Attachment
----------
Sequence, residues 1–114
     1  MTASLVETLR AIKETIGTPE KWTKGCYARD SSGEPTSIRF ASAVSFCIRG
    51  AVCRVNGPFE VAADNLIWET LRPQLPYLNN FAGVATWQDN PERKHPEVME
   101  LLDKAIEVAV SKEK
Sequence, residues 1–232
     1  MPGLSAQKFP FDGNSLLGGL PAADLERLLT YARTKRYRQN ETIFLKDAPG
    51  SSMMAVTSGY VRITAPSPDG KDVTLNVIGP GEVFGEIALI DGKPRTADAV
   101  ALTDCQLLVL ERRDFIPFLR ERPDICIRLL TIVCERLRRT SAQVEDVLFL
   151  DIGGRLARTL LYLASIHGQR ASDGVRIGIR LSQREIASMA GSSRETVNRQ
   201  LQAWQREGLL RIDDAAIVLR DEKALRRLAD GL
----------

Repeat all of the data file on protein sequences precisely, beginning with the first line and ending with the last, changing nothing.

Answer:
Sequence, residues 1–114
     1  MTASLVETLR AIKETIGTPE KWTKGCYARD SSGEPTSIRF ASAVSFCIRG
    51  AVCRVNGPFE VAADNLIWET LRPQLPYLNN FAGVATWQDN PERKHPEVME
   101  LLDKAIEVAV SKEK
Sequence, residues 1–232
     1  MPGLSAQKFP FDGNSLLGGL PAADLERLLT YARTKRYRQN ETIFLKDAPG
    51  SSMMAVTSGY VRITAPSPDG KDVTLNVIGP GEVFGEIALI DGKPRTADAV
   101  ALTDCQLLVL ERRDFIPFLR ERPDICIRLL TIVCERLRRT SAQVEDVLFL
   151  DIGGRLARTL LYLASIHGQR ASDGVRIGIR LSQREIASMA GSSRETVNRQ
   201  LQAWQREGLL RIDDAAIVLR DEKALRRLAD GL